I slipped up this year. Usually I have my ‘No Canvassers Please’ sign instated in my front room window well before the earnest electioneering commences. As I’ve written before, I simply loathe the sight of canvassers at my door in the run up to an election day. Nothing personal, but I’ll have spent the best part of the previous eight hours writing about said election and the last thing I want is to have my daily dose of TV soap eye candy interrupted by would-be politicians.
But this year it completely slipped my mind. There I was the other night, little fella on my lap reading him a story, when there was a knock on the door. The dog brought the place around her, bolting back and forth between myself and the front door and howling in excitement at the prospect of visitors. I hollered at the dog to stay quiet and yelled for the hubby to come in from the back garden to open the door. The child starting roaring like Doran’s bull at all the commotion. Complete chaos.
Anyway, the door was eventually opened to a pair of canvassers who started a hasty retreat down the driveway at the sight of the madness, much to the glee of the dog who took an enthusiastic run at their ankles. Suffice it to say, a ‘No Canvassers’ sign has since taken pride of place in my window.
I’m aware that, for many, canvassing is the only opportunity voters have to question the sitting politicians on their records. But for those, like me, who don’t appreciate discussing the topics of the day on my doorstep, wouldn’t it be great if we could just go online and check up the work those councillors actually do for you.
Which is why I cannot overstate how great I think new website www.kildarestreet.com is. The website offers you the facility to search Irish parliamentary debates from both the Dáil and the Seanad by subject, phrase, contributor or date. You can also check up just how active your local TD is in the Dail. And though I’m not for one minute suggesting that their activity in the Dail is representative of their overall competence, it is nonetheless interesting to know what they’re up to during the 90 odd days that the Dail sits each year. After all, they’re supposed to embody your voice in Government.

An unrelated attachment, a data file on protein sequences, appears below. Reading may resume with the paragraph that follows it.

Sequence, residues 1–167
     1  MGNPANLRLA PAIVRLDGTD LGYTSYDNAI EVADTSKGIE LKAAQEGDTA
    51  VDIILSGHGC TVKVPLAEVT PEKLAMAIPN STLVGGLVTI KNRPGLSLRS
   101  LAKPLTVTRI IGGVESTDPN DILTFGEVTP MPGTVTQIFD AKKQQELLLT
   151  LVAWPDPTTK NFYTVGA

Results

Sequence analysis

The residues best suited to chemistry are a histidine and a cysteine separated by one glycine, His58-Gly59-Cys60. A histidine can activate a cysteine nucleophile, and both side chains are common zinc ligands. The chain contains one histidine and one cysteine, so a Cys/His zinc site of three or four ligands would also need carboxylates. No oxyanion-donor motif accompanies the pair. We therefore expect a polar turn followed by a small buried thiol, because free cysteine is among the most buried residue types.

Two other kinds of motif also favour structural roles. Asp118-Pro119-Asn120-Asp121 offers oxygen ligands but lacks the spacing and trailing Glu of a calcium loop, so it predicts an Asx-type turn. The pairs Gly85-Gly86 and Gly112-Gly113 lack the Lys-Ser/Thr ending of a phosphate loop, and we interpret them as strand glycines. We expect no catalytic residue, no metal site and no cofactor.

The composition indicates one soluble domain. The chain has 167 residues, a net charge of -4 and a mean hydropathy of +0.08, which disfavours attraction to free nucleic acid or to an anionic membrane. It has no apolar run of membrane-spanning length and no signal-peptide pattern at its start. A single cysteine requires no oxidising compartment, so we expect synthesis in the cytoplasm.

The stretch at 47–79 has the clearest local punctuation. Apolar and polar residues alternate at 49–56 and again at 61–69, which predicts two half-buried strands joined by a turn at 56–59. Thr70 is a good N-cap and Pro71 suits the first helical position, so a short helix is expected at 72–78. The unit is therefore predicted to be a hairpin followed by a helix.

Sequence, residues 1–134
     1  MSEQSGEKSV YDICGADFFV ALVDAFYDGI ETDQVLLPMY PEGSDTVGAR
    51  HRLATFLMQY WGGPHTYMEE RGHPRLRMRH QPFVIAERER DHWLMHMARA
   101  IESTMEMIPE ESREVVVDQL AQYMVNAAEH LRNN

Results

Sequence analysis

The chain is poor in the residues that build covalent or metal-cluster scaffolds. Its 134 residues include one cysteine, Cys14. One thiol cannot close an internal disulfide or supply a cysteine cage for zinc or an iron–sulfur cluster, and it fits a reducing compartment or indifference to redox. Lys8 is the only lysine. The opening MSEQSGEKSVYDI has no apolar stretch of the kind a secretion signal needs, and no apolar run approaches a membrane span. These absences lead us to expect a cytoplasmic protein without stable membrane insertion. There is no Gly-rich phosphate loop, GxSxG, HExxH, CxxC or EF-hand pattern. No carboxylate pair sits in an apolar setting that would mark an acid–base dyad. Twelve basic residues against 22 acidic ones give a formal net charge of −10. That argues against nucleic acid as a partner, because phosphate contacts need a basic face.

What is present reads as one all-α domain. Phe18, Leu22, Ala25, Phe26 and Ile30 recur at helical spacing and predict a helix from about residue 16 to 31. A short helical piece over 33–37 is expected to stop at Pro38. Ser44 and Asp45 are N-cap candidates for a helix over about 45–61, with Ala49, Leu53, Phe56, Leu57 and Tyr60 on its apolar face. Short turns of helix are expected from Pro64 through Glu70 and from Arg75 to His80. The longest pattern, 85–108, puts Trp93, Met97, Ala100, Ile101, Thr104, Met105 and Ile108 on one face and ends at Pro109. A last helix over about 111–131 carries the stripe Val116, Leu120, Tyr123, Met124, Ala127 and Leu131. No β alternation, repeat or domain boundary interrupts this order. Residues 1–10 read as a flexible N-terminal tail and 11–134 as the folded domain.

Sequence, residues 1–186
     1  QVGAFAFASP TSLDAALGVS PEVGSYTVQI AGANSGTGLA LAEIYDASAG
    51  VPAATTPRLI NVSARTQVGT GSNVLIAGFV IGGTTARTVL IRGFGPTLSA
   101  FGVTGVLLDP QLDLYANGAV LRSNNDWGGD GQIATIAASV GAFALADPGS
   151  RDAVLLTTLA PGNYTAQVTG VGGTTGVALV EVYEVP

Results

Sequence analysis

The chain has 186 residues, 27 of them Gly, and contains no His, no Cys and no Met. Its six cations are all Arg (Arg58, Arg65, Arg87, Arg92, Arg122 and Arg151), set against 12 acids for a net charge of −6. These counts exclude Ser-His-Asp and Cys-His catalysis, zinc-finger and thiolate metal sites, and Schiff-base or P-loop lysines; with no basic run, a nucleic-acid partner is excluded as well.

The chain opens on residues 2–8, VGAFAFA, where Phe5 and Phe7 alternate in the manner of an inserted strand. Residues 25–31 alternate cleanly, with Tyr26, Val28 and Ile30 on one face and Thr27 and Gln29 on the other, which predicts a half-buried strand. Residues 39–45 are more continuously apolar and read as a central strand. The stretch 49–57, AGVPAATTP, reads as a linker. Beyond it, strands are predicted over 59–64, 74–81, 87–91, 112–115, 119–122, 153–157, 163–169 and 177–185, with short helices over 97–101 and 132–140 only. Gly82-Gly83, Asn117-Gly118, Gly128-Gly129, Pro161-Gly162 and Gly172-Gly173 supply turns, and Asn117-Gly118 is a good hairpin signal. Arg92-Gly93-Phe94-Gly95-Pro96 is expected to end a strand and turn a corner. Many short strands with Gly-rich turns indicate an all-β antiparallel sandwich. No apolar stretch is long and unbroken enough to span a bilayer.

Apparently, Martin Cullen has spoken in 76 debates in the last year, which is considered above average among TDs.
Statistically, Labour’s Brian O’Shea is our constituency’s most inquisitive TD: he received answers to 330 written questions in the last year, which is considered above average among TDs. Reflective of some of the major issues arising in the Waterford area of late, the Tramore-based O’Shea asked most of his questions about the Irish Language, Hospital Services, Health Services, Pension Provisions and Institutes of Technology. He has spoken in 81 debates in the last year – again, above average among TDs.
Though his early days in the Dail garnered him a reputation for controversy, Fine Gael’s John Deasy had an input in just 26 debates last year. According to the website, he has tabled 255 written questions in the same time period, primarily about Departmental Expenditure, the Decentralisation Programme, Overseas Development Aid, Social Welfare Benefits and Schools Building Projects.
Finally our most understated national representative, Deputy Brendan Kenneally, has spoken in a mere 7 debates and received answers to 27 written questions in the last year, with most of his questions relating to Telecommunications Services, the Cancer Screening Programme, School Transport, Higher Education Grants and Grant Payments.